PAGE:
|Publication number||US4273150 A|
|Application number||US 06/097,585|
|Publication date||Jun 16, 1981|
|Filing date||Nov 26, 1979|
|Priority date||Nov 26, 1979|
|Also published as||DE3044540A1, US4271859|
|Publication number||06097585, 097585, US 4273150 A, US 4273150A, US-A-4273150, US4273150 A, US4273150A|
|Inventors||Stanley R. Paduch, Robert K. Olson|
|Original Assignee||United Technologies Corporation|
|Export Citation||BiBTeX, EndNote, RefMan|
|Patent Citations (5), Referenced by (6), Classifications (39)|
|External Links: USPTO, USPTO Assignment, Espacenet|
Many temperature sensors require levers or actuating rods, bearings, adjustment links and/or pivots and seals all of which are expensive and subject to wear or malfunction. A sensor that could produce a pressure signal proportional to temperature that would be simple, reliable and light in weight and avoid the complications of such mechanical elements as links, pivots and the like is a desirable device that could serve as a pressure transducer, for example, in a fuel control system.
The present invention is in some respects an improvement on the copending application of Lawsing Ser. No. 97,584 filed Nov. 26, 1979 having the same assignee as the present application.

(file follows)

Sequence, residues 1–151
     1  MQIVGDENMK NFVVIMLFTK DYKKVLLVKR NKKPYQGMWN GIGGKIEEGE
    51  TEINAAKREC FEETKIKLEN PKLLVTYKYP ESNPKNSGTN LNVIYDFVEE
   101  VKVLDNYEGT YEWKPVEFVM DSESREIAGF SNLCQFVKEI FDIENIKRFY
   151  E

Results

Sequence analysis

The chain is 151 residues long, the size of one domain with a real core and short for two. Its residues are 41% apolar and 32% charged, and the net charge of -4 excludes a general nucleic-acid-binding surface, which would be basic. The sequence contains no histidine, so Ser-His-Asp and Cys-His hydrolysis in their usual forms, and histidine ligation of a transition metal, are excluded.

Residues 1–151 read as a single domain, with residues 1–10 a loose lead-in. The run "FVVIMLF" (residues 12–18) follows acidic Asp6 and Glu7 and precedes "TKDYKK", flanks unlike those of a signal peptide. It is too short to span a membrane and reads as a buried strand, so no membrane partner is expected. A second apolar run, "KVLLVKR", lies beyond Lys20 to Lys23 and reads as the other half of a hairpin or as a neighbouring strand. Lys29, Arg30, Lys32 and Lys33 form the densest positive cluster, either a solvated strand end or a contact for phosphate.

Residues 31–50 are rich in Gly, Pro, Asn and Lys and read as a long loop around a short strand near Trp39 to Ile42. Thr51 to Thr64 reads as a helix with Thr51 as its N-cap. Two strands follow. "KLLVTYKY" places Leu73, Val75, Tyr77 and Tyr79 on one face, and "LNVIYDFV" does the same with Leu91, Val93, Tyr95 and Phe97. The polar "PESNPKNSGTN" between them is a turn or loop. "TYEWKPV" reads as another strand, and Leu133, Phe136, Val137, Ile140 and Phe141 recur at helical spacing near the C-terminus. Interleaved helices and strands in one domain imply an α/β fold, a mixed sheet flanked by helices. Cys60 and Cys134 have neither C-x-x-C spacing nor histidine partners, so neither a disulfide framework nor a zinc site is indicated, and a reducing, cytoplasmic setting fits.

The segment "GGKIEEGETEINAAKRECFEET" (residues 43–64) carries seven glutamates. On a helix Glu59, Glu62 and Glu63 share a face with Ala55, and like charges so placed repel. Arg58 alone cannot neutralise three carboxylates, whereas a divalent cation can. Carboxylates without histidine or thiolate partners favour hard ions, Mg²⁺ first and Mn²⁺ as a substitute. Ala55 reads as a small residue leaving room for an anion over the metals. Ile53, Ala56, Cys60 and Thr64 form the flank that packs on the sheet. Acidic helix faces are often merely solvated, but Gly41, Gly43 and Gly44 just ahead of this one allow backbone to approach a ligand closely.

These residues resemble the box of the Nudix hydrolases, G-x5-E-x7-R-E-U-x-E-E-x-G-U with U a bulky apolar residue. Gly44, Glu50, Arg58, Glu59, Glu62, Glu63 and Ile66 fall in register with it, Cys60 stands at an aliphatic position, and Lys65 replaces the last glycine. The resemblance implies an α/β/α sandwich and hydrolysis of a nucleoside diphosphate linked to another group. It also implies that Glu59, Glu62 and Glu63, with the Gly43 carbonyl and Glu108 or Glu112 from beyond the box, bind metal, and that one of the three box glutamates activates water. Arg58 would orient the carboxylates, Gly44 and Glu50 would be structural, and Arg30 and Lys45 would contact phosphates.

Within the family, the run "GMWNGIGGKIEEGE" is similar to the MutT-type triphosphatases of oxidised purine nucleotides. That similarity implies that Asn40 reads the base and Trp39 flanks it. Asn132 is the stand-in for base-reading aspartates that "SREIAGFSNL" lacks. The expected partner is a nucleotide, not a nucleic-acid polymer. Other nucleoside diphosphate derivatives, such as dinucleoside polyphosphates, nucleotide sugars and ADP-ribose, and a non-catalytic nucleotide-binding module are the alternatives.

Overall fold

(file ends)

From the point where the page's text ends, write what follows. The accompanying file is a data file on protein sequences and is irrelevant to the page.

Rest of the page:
One feature of the invention is a bellows assembly directly connected to and actuating a floating nozzle plate making the device free of levers, links and/or friction causing elements. Another feature is a simplified form of adjustment of the device for different hydraulic pressures and also for a simplified rate adjustment. Another feature is a bellows arrangement to minimize the influence of the varying temperatures of the control liquid and also to minimize signal errors resulting from any changes. The device also positions the gas pressure sensing bellows in surrounding relation to one of the other bellows, thereby providing for a more compact device.
According to the invention a change in temperature causes a change in gas pressure in the probe or transducer and this pressure is sensed by bellows acting on a nozzle valve plate that is supported and guided by the bellows and is movable toward and away from a valve stop by pressure changes in order to control the flow rate through the nozzle and thus control the pressure of a hydraulic fluid at the nozzle. The bellows are arranged so that the outsides of the bellows are evacuated so that ambient temperatures or the temperature of the transducer casing will have a minimum effect on the accuracy of the device. The gas sensing bellows is also positioned around one of the hydraulic pressure sensing bellows so that a more compact device will result, and these two bellows are insulated by an evacuated chamber therebetween.
FIG. 1 is a sectional view through the device.